Boarding Your Pet? Preparation is Key
Planning a family vacation, but can't take your four-legged family members along? Boarding is a safe, dependable option. If you choose to board your pet while you’re away, these tips can help make the boarding experience a great one for everyone, including you.
Take time to carefully plan and prepare for your pet’s stay. “Boarding can be a stressful experience for pets and Pet Parents, so it’s a good idea to do everything you can to ensure a smooth transition from your home to the boarding facility,” says PetSmart PetsHotel manager, Ben Johnson.
To help make the transition an easy one, establish comfort and familiarity for your pet with the boarding facility. Johnson suggests visiting your boarding facility a few times before the boarding appointment with your pet. This way, your pet can become acquainted with the new sounds, smells and people at the facility before they arrive for their stay. During these visits, you’ll also have a chance to take a tour, ask questions about policies, request customer references and get to know the staff who will be caring for your pet. By doing this, the kennel or pet hotel becomes a comfortable, safe place for you and your pet.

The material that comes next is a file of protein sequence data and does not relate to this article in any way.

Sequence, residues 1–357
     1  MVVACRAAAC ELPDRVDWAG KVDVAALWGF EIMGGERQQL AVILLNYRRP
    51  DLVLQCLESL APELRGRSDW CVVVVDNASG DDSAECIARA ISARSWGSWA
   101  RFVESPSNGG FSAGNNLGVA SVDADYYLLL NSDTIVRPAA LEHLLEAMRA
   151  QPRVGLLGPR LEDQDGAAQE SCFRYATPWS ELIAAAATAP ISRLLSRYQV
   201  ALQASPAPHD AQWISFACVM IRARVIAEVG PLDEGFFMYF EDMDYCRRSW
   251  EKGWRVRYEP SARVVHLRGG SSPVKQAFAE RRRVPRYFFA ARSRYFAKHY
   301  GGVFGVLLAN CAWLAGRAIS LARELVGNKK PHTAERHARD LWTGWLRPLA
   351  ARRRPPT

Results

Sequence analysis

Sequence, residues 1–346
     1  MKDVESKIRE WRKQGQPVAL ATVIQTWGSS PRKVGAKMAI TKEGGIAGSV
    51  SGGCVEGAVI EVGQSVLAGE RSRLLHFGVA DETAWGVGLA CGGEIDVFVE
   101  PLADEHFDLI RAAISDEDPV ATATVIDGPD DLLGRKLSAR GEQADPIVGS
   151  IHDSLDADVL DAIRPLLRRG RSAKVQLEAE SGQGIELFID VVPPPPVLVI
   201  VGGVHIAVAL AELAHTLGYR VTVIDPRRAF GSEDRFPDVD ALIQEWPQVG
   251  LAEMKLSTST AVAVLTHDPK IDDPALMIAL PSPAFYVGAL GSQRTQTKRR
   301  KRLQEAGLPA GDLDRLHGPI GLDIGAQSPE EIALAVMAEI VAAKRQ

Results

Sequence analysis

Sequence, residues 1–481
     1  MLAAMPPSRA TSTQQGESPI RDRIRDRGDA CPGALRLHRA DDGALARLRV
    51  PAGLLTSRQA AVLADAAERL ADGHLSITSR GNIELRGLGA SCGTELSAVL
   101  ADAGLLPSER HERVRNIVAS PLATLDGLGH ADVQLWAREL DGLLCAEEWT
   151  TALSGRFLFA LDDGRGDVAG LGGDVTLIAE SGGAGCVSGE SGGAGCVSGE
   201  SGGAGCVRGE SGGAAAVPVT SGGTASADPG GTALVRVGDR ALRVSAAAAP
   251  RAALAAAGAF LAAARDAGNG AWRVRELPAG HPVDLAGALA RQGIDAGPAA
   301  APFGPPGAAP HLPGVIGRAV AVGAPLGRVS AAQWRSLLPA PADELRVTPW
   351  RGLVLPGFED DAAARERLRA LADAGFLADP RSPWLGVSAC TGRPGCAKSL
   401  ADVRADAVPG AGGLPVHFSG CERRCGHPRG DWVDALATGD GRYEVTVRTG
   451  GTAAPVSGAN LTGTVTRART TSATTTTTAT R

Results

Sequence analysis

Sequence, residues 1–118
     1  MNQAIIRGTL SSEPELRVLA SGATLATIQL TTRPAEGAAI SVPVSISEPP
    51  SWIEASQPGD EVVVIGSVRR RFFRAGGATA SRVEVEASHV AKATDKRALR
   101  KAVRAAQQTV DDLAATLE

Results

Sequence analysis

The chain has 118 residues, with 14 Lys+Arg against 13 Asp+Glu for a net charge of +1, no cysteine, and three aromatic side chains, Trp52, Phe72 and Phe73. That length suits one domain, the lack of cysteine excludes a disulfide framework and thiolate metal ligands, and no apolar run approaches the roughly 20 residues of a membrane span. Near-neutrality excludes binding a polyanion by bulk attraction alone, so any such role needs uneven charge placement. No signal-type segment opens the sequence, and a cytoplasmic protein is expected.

If your boarding facility offers programs like group play or day care, Johnson suggests having your pet attend a few sessions before their overnight stay. By offering your pet daytime visits before overnight boarding, your pet learns they get to come home after their stay. The Pet Care Services Association (formerly the American Boarding Kennel Association) recommends allowing your pet the opportunity for a short overnight stay to become accustomed to boarding before an extended stay away from home.
Also, be sure to complete all required paperwork ahead of time and make sure your pet is caught up on all required vaccinations. Most boarding facilities require your pet’s veterinarian’s contact information and vaccination records, emergency contact information for yourself and others who can act on your behalf in your absence as well as a pet health/behavior assessment.
Keep business as usual
It’s best to keep your pet on their regular routine during their stay. Johnson discourages Pet Parents from introducing a new diet or medication, or anything that could cause stress or an upset stomach before their pet’s stay.
Let the staff at the boarding facility know any important things about your pet including any special diet, medication, behaviors/quirks/fears, personality traits, sleeping patterns, favorite games or preferred bedding. Does your pet eat from an elevated feeder? Does your pet tear apart soft toys? Does your pet only take his medication with peanut butter and six cookies? No detail is too small when caring for pets, so make sure the staff at your kennel know as much as they can so they can take the best care for your pet while you’re away.